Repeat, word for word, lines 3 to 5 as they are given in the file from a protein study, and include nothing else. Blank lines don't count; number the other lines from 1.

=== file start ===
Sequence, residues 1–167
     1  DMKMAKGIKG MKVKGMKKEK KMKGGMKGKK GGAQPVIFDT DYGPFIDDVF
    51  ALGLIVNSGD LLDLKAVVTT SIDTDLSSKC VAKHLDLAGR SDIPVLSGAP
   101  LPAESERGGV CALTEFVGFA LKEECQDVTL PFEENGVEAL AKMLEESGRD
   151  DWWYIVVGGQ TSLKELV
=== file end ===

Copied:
    51  ALGLIVNSGD LLDLKAVVTT SIDTDLSSKC VAKHLDLAGR SDIPVLSGAP
   101  LPAESERGGV CALTEFVGFA LKEECQDVTL PFEENGVEAL AKMLEESGRD
   151  DWWYIVVGGQ TSLKELV